The present invention relates to the field of telecommunications. More particularly, the present invention relates to programming and sending a call alert based on a schedule and message generated by a subscriber.

2. Acronyms

The written description provided herein contains acronyms which refer to various telecommunications services, components and techniques, as well as features relating to the present invention. Although some of these acronyms are known, use of these acronyms is not strictly standardized in the art. For purposes of the written description herein, the acronyms are defined as follows:

    • Advanced Intelligent Network (AIN)
    • Authentication/Subscription Information (ASI)
    • Central Office (CO)
    • Common Object Request Broker Architecture (CORBA)
    • Dual Tone Multi-Frequency (DTMF)
    • Electronic Key Telephone System (EKTS)
    • Enhanced Media Resource Server (eMRS)
    • Extensible Markup Language (XML)
    • File Transfer Protocol (FTP)
    • Generic Data Interface (GDI)
    • Graphical User Interface (GUI)
    • HyperText Mark-Up Language (HTML)
    • HyperText Transfer Language Protocol (HTTP)
    • Incoming Call Manager (ICM)
    • Intelligent Peripheral (IP)
    • Interactive Voice Response (IVR)
    • Internet Call Waiting (ICW)
    • Lightweight Directory Access Protocol (LDAP)
    • Outgoing Call Control (OCC)
    • Operator Services Trigger (OST)
    • Personal Computer (PC)
    • Personal Call Manager/Personal Communications Manager (PCM)
    • Personal Identification Number (PIN)
    • Plain Old Telephone Service (POTS)
    • Public Switched Telephone Network (PSTN)
    • Service Control Point (SCP)
    • Service Management System (SMS)
    • Service Node/Intelligent Peripheral (SN/IP)
    • Service Switching Point (SSP)
    • Signaling System 7 (SS7)
    • Signaling Transfer Point (STP)
    • Transmission Control Protocol/Internet Protocol (TCP/IP)
    • Uniform Resource Identifier (URI)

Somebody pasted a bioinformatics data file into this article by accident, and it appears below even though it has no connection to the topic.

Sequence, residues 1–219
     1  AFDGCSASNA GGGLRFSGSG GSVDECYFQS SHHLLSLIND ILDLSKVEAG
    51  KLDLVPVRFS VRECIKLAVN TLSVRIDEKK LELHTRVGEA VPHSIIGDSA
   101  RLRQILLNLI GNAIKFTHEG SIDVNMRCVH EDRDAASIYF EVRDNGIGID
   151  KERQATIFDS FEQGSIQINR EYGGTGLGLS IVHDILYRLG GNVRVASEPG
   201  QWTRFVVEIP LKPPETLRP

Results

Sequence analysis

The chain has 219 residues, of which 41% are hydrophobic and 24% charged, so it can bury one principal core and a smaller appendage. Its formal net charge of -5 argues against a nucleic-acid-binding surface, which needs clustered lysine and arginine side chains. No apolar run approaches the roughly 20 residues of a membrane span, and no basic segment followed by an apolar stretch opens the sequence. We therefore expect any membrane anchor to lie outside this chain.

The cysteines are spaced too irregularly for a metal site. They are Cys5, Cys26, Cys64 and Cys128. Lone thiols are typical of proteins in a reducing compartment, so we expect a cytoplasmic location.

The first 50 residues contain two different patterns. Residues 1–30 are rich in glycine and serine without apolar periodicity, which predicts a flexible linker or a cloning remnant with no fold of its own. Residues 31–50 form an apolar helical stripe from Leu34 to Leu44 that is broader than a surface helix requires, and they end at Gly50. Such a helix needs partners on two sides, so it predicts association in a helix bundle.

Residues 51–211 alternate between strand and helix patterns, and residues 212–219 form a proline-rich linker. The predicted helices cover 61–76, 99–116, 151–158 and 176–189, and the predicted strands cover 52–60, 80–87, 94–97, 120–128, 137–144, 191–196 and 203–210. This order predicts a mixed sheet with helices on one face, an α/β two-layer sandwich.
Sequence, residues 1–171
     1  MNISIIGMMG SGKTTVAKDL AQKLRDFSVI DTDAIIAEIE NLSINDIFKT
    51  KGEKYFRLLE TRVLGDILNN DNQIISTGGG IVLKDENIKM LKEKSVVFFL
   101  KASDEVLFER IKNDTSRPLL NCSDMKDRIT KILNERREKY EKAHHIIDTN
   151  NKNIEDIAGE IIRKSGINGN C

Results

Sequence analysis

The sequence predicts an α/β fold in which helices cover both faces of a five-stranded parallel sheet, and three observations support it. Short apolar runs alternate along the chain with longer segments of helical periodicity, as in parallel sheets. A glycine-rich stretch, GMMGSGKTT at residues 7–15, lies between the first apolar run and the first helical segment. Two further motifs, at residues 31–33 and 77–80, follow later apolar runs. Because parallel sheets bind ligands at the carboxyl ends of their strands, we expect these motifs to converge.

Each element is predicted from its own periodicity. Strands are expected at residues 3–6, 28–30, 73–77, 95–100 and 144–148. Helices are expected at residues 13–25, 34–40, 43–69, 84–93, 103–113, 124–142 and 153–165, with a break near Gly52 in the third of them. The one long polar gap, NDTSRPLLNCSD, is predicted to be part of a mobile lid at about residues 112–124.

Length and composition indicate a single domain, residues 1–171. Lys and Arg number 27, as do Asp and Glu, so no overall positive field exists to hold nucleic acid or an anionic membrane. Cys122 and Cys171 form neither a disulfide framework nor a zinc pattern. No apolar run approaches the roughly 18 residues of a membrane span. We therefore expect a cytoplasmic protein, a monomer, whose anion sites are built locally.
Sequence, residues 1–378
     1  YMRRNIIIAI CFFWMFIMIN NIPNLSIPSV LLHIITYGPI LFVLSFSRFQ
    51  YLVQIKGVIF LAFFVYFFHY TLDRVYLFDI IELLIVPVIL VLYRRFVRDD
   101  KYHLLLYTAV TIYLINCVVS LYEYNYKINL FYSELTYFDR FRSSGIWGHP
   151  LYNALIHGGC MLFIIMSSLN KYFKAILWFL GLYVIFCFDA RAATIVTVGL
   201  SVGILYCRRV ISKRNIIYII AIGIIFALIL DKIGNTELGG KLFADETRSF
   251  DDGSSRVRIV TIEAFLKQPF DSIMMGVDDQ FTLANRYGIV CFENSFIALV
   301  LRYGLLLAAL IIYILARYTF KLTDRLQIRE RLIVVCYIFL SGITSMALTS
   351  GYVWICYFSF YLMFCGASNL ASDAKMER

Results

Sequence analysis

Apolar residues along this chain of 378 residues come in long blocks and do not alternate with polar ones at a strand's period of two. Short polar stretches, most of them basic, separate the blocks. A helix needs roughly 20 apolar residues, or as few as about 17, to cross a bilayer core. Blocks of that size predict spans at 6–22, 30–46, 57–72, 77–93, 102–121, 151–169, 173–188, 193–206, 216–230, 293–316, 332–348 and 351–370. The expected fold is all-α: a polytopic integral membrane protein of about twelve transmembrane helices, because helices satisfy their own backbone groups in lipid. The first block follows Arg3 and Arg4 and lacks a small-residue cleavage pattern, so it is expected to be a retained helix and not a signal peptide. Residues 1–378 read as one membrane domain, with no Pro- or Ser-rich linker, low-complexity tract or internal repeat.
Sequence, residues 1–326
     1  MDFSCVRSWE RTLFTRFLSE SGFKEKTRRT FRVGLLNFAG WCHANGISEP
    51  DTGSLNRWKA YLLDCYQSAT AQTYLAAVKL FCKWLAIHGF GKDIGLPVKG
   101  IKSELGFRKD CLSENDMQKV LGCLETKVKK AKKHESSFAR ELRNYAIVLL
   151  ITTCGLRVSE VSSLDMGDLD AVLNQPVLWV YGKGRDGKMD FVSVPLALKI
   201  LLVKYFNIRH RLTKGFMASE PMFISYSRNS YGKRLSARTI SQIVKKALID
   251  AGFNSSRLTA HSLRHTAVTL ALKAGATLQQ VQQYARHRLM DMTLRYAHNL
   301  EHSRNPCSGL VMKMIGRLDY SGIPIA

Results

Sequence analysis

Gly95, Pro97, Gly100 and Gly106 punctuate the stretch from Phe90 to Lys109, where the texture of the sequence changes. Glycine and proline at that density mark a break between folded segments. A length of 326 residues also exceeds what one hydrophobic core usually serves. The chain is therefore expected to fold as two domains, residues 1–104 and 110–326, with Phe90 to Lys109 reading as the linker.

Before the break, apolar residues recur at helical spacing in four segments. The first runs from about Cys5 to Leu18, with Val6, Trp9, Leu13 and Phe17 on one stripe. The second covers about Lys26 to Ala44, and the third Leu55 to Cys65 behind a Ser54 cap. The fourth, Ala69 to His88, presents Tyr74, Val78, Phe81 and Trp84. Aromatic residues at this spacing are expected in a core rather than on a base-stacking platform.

• Uniform Resource Locator (URL)
    • Uniform Resource Name (URN)
    • Voice Over Internet Protocol (VoIP)
    • World Wide Web (WWW)
    • World Wide Web Consortium (W3C)

3. Background Information

Callers dial “0” to reach a live operator for a variety of reasons. While some of these callers in fact need direct operator assistance, many calls to operator assistance may be handled without human intervention. To this end, interactive voice response (IVR) systems may be employed that provide a menu of options from which callers may choose. As the needs of different persons vary, it would be desirable to allow persons to customize the menu of options that are presented to the caller when the caller dials “0”. The customization may be provided for in a number of manners.

Currently, subscribers to call control services within the public switched telephone network (PSTN) are able to initiate and modify their services by calling a customer service representative or by interacting with an IVR system using a standard dual tone multi-frequency (DTMF) telephone device. Some systems allow subscribers to perform these functions using packet switched data networks such as the Internet. It would be advantageous to allow subscribers to customize their operator services menu options using an IVR and/or the Internet.

BRIEF DESCRIPTION OF THE DRAWINGS

The present invention is further described in the detailed description that follows, by reference to the noted drawings by way of non-limiting examples of embodiments of the present invention, in which like reference numerals represent similar parts throughout several views of the drawings, and in which:

FIG. 1 is a block diagram showing an exemplary PCM telecommunications network, according to an aspect of the present invention;

FIG. 2 is a call flow diagram illustrating subscriber requests for information from the PCM system, according to an aspect of the present invention;

FIG. 3 is a call flow diagram illustrating subscriber requests for information from the PCM system, according to an alternative embodiment of the present invention;